All 26 miles of tunnels now complete on Crossrail

The major milestone on the £14.8bn scheme has seen boring machines drive through 26 miles of new tunnels

Crossrail workers celebrate completion of the eastbound cavern 40 metres beneath Stepney GreenTransport Secretary Patrick McLoughlin joined the Prime Minister and the Mayor of London at Farringdon today to celebrate the end of tunnelling on the Crossrail scheme.

Work began in the summer of 2012, with eight 1,000-tonne tunnelling machines boring 26 miles of new rail tunnels underneath the capital.

Prime Minister David Cameron said: “Crossrail is an incredible feat of engineering that will help to improve the lives of working people in London and beyond.

“The project is a vital part of our long term plan to build a more resilient economy by helping businesses to grow, compete and create jobs right along the supply chain.”

McLoughlin added: “This is a major milestone in the most ambitious rail project this country has seen for decades.

“The Crossrail project showcases British engineering at its best, and I congratulate everyone involved in this impressive achievement.”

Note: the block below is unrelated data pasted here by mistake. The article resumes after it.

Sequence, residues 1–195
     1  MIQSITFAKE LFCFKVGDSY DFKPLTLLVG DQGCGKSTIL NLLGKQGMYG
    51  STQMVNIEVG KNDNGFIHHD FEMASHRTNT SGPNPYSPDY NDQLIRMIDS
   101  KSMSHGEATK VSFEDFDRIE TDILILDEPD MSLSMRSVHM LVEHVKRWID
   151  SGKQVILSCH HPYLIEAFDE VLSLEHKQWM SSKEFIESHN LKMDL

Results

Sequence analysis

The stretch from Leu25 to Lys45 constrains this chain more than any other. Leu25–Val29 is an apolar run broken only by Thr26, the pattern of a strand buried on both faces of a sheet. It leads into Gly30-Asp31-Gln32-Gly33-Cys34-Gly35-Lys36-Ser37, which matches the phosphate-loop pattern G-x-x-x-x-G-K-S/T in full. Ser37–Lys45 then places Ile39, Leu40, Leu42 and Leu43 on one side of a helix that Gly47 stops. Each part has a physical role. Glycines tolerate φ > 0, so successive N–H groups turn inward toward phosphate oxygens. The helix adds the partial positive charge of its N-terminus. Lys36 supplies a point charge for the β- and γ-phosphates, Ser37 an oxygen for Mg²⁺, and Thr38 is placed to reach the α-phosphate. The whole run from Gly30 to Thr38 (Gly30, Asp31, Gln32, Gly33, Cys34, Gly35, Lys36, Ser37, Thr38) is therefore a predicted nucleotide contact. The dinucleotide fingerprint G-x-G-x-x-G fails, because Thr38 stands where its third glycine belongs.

Construction work will now focus on fitting out the new tunnels and stations, with more than 12,000 people currently working on the scheme.

Over the course of the project, it is estimated that Crossrail and its supply chain will support the equivalent of 55,000 full-time jobs across the country.

Key Crossrail milestones to date include:

Start of Crossrail construction began at Canary Wharf on 15 May 2009.

The first giant tunnel boring machine broke ground in May 2012. 42 kilometres of new train tunnels have been created under London. All eight Crossrail tunnelling machines have now completed their drives.

Another 13.5 kilometres of new passenger, platform and service tunnels have been constructed within the new Crossrail stations using a technique called sprayed concrete lining.

Crossrail rolling stock and depot contract awarded by Transport for London to Bombardier Transportation and Crossrail train operating concession awarded to MTR Corporation.

The surface works, delivered by Network Rail, are now over one-third complete.

All 40 Crossrail stations will have step free access from street to platform.

Over 450 apprentices have gained work on Crossrail. More than 8,000 people have undertaken training at Crossrail’s Tunnelling and Underground Construction Academy in Ilford, which opened in 2011.

Crossrail has plans in place to develop over three million square feet (gross) ofcommercial, residential and retail space above its stations and construction sites. Over 1 million square feet of this now has planning permission including Bond Street West (Davies Street), 101 Moorgate, Fisher Street and a number of developments above Crossrail Tottenham Court Road station

The Culture Line, a programme to deliver a permanent exhibition of large-scale world-class artworks in Crossrail’s central London stations is being delivered in collaboration with leading art galleries. The City of London Corporation is 50 per cent match funding the art works.

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